and though we are favourably inclin'd in all our Thoughts relating to our Governor, yet we must tell you, we 6. think you have not obeyed your Orders and Directions given " to you, to Dissolve that Assembly, and Call another forth with,

according to the ancient Usage and Custom of the Province; " and to publish our Repeals of those Acts of Assembly, imme“diately upon the receipt of our Orders aforesaid ; But we shall " say no more upon that Subject now, not doubting but our Go66. vernour will pay a more punctual Obedience to our Orders 6 for the future.

- The Lords Proprietors Right of Confirming and Repealing 6 Laws, was so particular a Privilege granted to them by the “ Crown, that we can never recede from it: and we do assure “ you we are not a little surprized, that you would suffer that - Prerogative of Ours to be disputed.

. . . “We have sent you herewith an Instruction under our Hands 66 and Seals, nominating such Persons as we think fit to be of " the Council with you, six whereof, and your self, and no less

“ Number, to be a Quorum. Upon your Receipt of this, we ..66 hereby require you to summons the said Council, that they

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how much they resented the Conduct of those of the Council, who bad join'd with the Lower House of Assembly, in the Com plaint against him, who were, Col. Thomas Broughton, Mr. Alexander Skene, Mr. James Kinlaugh, and Mr. Yonge, (the first of these the Governor's Brother in Law) they left the three first out of the Council ; and one of the Proprietors told Mr. Yonge, he had also been left out, but in Respect to my Lord Carteret, who was his Patron and recommended him. .." * By this the Governor found Mr. Trott was to Rule the Province, tho' he had the Name of it; and therefore he resolv'd for the future to Act by his and the new Council's Advice, that they might be answerable for any ill Effects their future Councils and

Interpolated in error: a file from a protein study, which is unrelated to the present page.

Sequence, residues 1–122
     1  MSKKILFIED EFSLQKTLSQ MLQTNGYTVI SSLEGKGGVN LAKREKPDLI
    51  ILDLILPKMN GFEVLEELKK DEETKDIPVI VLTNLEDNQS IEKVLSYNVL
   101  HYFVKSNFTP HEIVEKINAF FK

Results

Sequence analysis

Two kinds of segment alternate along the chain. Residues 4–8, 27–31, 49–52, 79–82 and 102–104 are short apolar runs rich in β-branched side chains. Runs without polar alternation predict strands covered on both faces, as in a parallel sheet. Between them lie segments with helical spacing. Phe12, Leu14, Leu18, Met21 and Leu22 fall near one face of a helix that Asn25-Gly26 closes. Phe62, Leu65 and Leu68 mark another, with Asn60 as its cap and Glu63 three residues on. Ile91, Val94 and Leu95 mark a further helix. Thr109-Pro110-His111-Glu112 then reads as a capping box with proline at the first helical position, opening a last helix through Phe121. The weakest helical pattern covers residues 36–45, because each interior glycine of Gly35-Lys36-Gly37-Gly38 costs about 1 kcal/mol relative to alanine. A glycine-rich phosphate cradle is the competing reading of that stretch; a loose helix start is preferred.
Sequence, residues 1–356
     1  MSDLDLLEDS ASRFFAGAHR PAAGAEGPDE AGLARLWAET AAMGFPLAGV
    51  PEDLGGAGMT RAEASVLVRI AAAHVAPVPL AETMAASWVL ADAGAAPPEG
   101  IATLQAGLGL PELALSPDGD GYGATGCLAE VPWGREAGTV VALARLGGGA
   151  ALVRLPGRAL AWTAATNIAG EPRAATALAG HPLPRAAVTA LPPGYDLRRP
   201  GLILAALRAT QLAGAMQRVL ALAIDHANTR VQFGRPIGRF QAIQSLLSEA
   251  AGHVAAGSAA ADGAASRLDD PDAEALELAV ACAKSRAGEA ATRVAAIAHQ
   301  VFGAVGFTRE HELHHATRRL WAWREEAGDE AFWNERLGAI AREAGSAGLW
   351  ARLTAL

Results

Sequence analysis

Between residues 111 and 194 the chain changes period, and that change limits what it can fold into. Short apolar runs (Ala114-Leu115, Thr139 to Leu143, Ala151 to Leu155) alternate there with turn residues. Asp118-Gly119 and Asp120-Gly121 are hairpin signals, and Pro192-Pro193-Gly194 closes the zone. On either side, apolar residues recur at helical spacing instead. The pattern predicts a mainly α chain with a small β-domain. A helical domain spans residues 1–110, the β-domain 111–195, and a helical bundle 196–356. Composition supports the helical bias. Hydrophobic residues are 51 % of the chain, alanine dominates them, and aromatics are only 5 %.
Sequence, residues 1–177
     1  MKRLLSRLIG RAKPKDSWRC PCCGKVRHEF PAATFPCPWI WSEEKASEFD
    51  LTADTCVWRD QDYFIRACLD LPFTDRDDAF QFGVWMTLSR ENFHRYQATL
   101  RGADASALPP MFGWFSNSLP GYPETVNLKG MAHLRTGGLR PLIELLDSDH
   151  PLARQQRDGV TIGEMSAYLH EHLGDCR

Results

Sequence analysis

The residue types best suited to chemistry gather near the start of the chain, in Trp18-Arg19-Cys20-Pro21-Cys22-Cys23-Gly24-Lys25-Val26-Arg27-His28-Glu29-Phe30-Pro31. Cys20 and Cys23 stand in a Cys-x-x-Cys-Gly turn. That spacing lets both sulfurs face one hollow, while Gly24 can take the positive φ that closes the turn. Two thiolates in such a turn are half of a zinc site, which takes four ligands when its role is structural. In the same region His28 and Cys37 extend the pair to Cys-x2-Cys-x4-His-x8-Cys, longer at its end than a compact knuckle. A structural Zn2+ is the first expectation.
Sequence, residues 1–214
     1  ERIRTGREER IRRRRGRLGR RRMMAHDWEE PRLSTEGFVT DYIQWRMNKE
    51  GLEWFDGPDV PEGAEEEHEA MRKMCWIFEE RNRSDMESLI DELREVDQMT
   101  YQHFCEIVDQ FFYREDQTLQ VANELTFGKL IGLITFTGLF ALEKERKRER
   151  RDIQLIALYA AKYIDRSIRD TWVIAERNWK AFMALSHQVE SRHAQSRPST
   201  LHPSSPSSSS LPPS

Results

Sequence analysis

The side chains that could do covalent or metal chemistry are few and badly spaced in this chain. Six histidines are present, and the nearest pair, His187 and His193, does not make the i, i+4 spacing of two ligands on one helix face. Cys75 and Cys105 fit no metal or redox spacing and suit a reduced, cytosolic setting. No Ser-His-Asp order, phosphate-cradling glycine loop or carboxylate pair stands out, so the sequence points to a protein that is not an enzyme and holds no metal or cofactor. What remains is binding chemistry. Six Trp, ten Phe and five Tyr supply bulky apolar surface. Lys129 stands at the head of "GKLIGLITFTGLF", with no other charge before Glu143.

Transactions might produce. He,'according to the Lords Proprietors Orders, call’d his New Council, and qualified such of them as would serve. Several of them refusing, he declar'd the three Acts of Assembly Repeal'd, and by Proclamation dissolv'd the Assembly, and called a new one, to be chosen all at Charles Town, after the old Method. Thus the People were irritated and heated to a violent Degree, and the Basis of all Government being either Love, Fear, or Interest, or perhaps any two, or a Mixture of all the three, but in this, there was neither one nor the other; for they thought they had no reason to love the Proprietors, who not only refused them Justice, but protected and countenanc'd an Evil Minister in an Office which most immediately affected their Lives and Properties, who refused to part with the Uncultivated Lands, either for the Publick.or any Private Use, but their own; tho’ it is apparent by their Charter, it was granted to them to be disposed of in such a Manner as to encourage His Majesty's Subjects to go over, and settle there, and to extend his Dominions, and they had just before promis'd it in Tracts of 200 Acres to new Comers; on which Promise several Hundreds had come from Ireland, but could not have a Yard of Land to settle on when they came, and this notwithstanding the Country had been put to the Expence of paying some Thousands of Pounds for their Passages to Carolina ; so that the Number of inhabitants could not be increas'd or their Frontiers strengthen’d, neither would they allow them the Free dom they desired, and what was the Practice of other Colonies, in chusing their Representatives, nearest the Methods used in England, which their Laws are to be, by the express Words of the Charter, Another Reason of their not loving the Proprietors, is the same that made them not fear them, i. e. their Inability to succour and protect them, either from their own Intes tine Enemies, the Indians, or from the Spaniards, with whom at that time there was a War; for it is very natural to think,